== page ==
LePage approval: Lower in all non-Rasmussen polls (w/update)

My Bangor Daily News blogging colleague Matt Gagnon, a Republican strategist, has gotten very excited about a Rasmussen poll showing Gov. LePage with a 47% approval rating. He says it’s a good basis for a re-election effort.

To his credit, Gagnon notes that this new Rasmussen number is well out of the range of other polls which had “approvals of 36%40%43%, and 41%.”

The two polls taken after those – and just before the Rasmussen one Gagnon touts – had LePage’s approval at 37% and 39%.

Gagnon credits Rasmussen as reasonably accurate and cites Nate Silver of the New York Times for his June 2012 analysis of the skew of different pollsters.

However, Silver wrote about Rasmussen earlier today and this is what he said:

What to think of the Rasmussen poll? Their surveys usually have a Republican lean, but it seems to have gotten stronger in the last few weeks. It has also been stronger in some years than others. Rasmussen got reasonably good results in years like 2006 and 2008 when their polls were close to the consensus. However, their polls were the least accurate of the major polling firms in 2010, when they had an especially strong Republican house-effect. The same was true in 2000, when they had a three- or four-point statistical bias toward Republican candidates.

One issue with Rasmussen polls is that it takes the data it’s collected and reweights it based on party identification.  This is not the norm for pollsters and is a problem because party identification changes.  In the last few months, Republican party id has dropped.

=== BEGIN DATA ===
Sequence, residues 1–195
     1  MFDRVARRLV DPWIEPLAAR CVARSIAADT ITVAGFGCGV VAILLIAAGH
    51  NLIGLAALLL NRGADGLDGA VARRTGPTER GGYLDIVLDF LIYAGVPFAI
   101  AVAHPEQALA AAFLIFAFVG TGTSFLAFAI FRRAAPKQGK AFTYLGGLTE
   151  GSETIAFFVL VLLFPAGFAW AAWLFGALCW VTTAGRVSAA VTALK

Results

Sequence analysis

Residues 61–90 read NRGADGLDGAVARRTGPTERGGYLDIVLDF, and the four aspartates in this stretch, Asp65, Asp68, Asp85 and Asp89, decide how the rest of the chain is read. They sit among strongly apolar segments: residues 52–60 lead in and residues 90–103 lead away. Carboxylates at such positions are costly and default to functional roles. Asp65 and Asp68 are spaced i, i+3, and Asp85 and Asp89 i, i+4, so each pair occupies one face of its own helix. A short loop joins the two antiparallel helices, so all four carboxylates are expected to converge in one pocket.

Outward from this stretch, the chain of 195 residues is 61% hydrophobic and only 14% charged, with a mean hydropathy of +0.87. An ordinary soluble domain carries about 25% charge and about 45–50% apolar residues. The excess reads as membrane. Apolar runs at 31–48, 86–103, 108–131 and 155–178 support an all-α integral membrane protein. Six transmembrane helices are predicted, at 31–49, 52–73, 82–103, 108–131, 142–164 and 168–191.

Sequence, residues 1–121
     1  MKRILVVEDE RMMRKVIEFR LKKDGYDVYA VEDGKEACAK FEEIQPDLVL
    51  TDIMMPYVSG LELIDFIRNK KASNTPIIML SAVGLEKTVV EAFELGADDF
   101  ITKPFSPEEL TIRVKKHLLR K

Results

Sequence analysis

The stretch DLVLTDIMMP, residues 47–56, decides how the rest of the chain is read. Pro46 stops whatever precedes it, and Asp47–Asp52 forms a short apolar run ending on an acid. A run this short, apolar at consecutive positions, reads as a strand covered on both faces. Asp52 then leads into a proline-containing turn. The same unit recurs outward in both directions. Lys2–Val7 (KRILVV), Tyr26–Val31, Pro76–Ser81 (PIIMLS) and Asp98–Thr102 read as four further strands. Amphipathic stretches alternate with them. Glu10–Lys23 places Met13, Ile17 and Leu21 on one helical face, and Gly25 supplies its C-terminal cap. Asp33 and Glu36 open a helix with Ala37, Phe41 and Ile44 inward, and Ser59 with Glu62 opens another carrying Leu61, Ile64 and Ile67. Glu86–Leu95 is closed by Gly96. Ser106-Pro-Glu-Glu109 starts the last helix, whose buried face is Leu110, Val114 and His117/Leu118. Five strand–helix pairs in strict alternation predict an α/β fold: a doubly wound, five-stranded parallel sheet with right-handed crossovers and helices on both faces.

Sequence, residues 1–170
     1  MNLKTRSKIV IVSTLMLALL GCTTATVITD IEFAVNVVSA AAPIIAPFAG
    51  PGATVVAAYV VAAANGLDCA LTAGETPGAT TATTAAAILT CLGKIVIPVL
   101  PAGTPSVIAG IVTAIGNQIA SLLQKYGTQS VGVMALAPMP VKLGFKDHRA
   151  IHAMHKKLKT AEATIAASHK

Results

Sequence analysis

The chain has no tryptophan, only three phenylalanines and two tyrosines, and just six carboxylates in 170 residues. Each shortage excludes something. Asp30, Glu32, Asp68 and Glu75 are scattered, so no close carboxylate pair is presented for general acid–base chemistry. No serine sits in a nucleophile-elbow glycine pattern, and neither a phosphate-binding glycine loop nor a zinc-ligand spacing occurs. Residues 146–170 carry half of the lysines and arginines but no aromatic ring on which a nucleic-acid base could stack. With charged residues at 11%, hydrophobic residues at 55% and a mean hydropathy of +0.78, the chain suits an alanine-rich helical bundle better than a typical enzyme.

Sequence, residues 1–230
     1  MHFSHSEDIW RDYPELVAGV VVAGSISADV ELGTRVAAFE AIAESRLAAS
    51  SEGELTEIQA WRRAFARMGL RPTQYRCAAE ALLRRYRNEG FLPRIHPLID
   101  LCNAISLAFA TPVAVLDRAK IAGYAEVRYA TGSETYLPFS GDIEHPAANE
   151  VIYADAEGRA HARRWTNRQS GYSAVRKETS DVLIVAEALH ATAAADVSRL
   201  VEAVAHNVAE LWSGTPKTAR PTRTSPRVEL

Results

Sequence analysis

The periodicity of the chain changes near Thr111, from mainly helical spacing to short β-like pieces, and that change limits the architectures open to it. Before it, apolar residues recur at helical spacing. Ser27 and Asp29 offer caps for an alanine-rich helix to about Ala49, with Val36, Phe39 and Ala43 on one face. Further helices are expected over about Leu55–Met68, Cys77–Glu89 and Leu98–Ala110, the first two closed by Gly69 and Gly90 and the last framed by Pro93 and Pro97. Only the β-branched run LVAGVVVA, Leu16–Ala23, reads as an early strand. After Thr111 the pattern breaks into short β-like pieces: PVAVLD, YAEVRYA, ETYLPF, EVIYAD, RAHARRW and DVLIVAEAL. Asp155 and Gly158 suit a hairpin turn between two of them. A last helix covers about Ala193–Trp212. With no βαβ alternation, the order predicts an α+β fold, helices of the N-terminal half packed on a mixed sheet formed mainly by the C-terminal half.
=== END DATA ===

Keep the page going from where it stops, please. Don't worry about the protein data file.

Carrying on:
Typically one should look at polling aggregations rather than cherrypicking one poll.

And focusing on one poll is an especially bad practice when it has nonstandard methods that are especially problematic precisely when one party has been rapidly losing support.

Further polls will clarify Gov. LePage’s approval-disapproval numbers.

Also note: Regarding the presidential race, some Republicans have claimed the polls are all skewed because they are too many Democrats. They overlook the fluidity of party identification and the drop in the number of people identifying themselves as Republicans. One pro-Romney individual says he’s “unskewed” the polls and finds Romney is ahead, in a practice that, as one analyst puts it, “is, statistically speaking, bunk.”

Update: A look at the graph and chart of Gov. LePage’s approval numbers at the Talking Points Memo Poll Tracker (a great site, by the way) shows that Rasmussen’s approval numbers are more different than its disapproval numbers, when compared to the two most recent polls preceding it. Rasmussen also has fewer undecided individuals, something likely to do with the way it asks its approval question.

  • Approve 47% – Disapprove 51% – Rasmussen
  • Approve 37% – Disapprove 52% – Public Policy Polling
  • Approve 39% – Disapprove 54% – Maine People’s Resource Center
Amy Fried

About Amy Fried

Amy Fried loves Maine's sense of community and the wonderful mix of culture and outdoor recreation. She loves politics in three ways: as an analytical political scientist, a devoted political junkie and a citizen who believes politics matters for people's lives. Fried is Professor of Political Science at the University of Maine. Her views do not reflect those of her employer or any group to which she belongs.